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The Ikea cult

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Sunday, Nov 13, 2005

Business Week recently ran a cover story on Ikea, arguing that in its global reach, its obsession with low prices and its idolizing of its founder, Ingvar Kamprad, the Swedish funriture chain was comparable to Wal-Mart. The article also stresses how Ikea attempts to sell a lifestyle as opposed to mere goods, linking Ikea shopping with a whol frugal, eco-conscious approach to life. My feeling has always been that shopping at Ikea gives a sacrifice-free inkling of what a social democracy/welfare state could be, both in its spartan sterility and its underlying sense of cooperation and sincere interest in the general welfare—the methods by which they try to entice shoppers and encourage their loyalty seem akin to the ways ideally a society might gently manipulate the priorities of its citizens: stylize thrift so that the society can more fairly distribute its product. The store uses, according to a Harvard B-school study, “gentle coercion” to get customers to stay longer—caring for their kids, feeding them, etc. These are what liberals like to imagine government could do, just as easily.


But the idea that everyone buys into the Ikea ethos is part of the fantasy visiting the store helps construct (making it easy to overlook its annoying traits—that it makes you build all its cheap stuff yourself, and the incompatibility of many of its housewares with anything non-Ikea). All the faux rooms and the waferboard furniture with streamlined designs, its kitchy language of product names and its free pencils and measuring tapes and its Swedish meatballs, the orderly way you are guided through the maze of offerings, all these things tend to suggest the competence we hope for in government. But it is easy for Ikea to do this—we aren’t expecting justice from it, just cheap furniture. It’s success is in suggesting that cheap furniture is all that matters in the world.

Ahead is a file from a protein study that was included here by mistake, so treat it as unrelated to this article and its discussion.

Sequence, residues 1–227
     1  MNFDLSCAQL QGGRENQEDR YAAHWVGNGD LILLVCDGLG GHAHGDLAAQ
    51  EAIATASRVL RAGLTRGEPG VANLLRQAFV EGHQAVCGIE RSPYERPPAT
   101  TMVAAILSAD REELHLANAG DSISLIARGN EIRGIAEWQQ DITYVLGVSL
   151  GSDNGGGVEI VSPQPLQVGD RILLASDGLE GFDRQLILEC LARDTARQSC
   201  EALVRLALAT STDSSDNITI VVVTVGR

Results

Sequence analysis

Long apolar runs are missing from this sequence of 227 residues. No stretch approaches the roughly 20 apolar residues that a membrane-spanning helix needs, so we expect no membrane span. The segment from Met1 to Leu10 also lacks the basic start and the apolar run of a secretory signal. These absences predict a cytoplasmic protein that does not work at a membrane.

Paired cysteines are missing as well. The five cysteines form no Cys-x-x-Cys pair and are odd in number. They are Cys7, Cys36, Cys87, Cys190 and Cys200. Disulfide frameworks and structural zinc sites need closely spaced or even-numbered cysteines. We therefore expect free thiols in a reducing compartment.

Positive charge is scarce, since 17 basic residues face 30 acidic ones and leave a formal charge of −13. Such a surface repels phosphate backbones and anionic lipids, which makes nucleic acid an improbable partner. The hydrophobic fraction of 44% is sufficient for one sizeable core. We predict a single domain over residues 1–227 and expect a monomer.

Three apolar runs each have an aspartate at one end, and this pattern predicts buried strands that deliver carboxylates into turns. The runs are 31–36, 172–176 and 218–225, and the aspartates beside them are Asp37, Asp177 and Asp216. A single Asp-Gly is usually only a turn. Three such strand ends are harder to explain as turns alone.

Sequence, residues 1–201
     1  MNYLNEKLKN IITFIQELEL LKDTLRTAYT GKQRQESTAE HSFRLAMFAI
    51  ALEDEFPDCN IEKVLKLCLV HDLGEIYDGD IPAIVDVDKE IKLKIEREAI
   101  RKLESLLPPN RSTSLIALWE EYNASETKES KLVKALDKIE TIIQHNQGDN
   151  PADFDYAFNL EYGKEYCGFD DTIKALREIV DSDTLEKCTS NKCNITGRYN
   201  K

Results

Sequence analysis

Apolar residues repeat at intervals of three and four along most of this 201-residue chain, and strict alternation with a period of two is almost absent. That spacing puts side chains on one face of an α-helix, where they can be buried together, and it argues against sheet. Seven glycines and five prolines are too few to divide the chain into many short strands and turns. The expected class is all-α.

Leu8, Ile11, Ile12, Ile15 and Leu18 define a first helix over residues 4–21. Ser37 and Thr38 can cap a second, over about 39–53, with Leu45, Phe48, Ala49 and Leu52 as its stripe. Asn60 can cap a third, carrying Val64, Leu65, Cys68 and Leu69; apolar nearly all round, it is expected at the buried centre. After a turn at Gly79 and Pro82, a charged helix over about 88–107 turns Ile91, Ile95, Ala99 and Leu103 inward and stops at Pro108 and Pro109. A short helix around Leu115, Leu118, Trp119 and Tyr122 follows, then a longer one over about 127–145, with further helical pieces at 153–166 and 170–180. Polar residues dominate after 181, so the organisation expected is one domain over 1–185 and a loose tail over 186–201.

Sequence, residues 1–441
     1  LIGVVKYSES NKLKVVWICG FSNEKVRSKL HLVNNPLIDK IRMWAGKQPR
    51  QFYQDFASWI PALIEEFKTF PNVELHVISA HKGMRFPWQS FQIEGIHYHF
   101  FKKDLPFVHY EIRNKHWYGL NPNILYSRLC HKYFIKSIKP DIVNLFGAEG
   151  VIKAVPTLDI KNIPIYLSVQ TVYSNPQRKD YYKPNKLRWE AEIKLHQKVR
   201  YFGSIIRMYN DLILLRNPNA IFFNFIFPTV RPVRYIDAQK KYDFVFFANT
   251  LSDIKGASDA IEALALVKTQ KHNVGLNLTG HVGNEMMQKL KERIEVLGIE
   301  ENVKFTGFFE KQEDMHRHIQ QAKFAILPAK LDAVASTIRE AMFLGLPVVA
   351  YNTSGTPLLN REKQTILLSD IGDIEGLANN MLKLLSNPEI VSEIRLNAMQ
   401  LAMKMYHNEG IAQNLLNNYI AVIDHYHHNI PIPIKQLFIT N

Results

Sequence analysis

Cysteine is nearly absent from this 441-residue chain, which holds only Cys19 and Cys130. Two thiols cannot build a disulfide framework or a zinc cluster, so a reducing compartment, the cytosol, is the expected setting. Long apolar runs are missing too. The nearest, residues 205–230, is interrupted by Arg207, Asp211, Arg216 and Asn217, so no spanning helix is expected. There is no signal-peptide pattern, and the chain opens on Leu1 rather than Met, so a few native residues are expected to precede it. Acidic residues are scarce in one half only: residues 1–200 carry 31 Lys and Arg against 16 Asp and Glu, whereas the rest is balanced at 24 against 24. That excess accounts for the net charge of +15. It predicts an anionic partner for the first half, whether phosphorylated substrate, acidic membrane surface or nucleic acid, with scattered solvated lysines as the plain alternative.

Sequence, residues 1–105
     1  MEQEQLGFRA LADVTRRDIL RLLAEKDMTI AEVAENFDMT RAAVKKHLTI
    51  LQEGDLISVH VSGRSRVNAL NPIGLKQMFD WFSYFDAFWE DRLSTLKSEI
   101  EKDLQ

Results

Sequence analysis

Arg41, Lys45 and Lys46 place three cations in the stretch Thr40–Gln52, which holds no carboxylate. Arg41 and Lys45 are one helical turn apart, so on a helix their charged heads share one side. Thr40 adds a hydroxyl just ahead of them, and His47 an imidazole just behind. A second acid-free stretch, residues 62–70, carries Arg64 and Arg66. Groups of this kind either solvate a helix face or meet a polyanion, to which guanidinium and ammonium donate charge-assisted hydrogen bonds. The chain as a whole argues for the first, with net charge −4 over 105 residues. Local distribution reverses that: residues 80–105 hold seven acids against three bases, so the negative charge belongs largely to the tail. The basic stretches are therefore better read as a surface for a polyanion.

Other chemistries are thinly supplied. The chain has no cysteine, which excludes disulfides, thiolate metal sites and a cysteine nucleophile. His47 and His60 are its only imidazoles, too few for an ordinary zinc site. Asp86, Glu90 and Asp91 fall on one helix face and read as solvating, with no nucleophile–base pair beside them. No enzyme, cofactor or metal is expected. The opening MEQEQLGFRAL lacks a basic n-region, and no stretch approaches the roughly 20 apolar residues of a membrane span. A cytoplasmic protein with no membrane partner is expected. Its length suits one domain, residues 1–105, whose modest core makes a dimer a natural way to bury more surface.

Ikea plays on the idea that style can redeem all things, and that a well-designed personal space is tantamount to a well-orgaznized life; that all the rest of one’s life can fall naturally into place if you construct an effective enough room for it to happen in, perhaps with the jelp of Ikeas many model rooms you tour at the store. The superfluity of furniture, of cabinets and storage devices and chairs and so on really make it seem that you just need one more file cabinet and all your business will be taken care of—if you just have the right place for something, the chaotic forces that displaces it will be forever held at bay. No one model room creates this effect, instead it is the overwhelming multiplicity of rooms that builds the fantasy—that for every situation we can imagine ourselves in, we could have a room that would provide the appropriatre stagecraft for us to act it out successfully. (The article notes that an actual play is being staged in an Ikea near Seattle. This is supposed to testify to the reality of the rooms, but shows instead that Ikea must ahve a healthy sense o fhumor about itself, since it is hard to imagine this play not using an Ikea setting to comment on the sterility of the lives of the play’s characters.) The end result of an Ikea tour is the sense that style and design can rectify all of live’s shortcomings and that design is a kind of functionality that strips the friction out of everyday life. This is potent fantasy, but dangerous—stylized one’s everyday life ultimately means subjecting one’s intimate sense of self to the vagaries of fashion cycles; it means finding discontent in oneself for purely external and arbitrary reasons cooked up by designers, who’s mandate who’s reason for being. is to constantly work to convince people that the perfectly useful things they already have are completely inadequate. Perhaps the comfort we sense in the potentiality of design is the dream that we ourselves can escape the need to be useful, and that we can refine ourselves to a minimalist point free of wasteful thoughts and gestures. That we will become like our well-designed objects and will have a perfect place built in to our society for us that requires no effort of our own to fit into—by surrounding ourselves with the appropriate design we’ll automatically fit into a specific social niche. All shopping cults work this way; they convince consumers that the difficulties of maintain a position in society can be reduced to a series of shopping decisions that the store itself will make for you. You don’t have to do anything, not even think—it’s wonderful!

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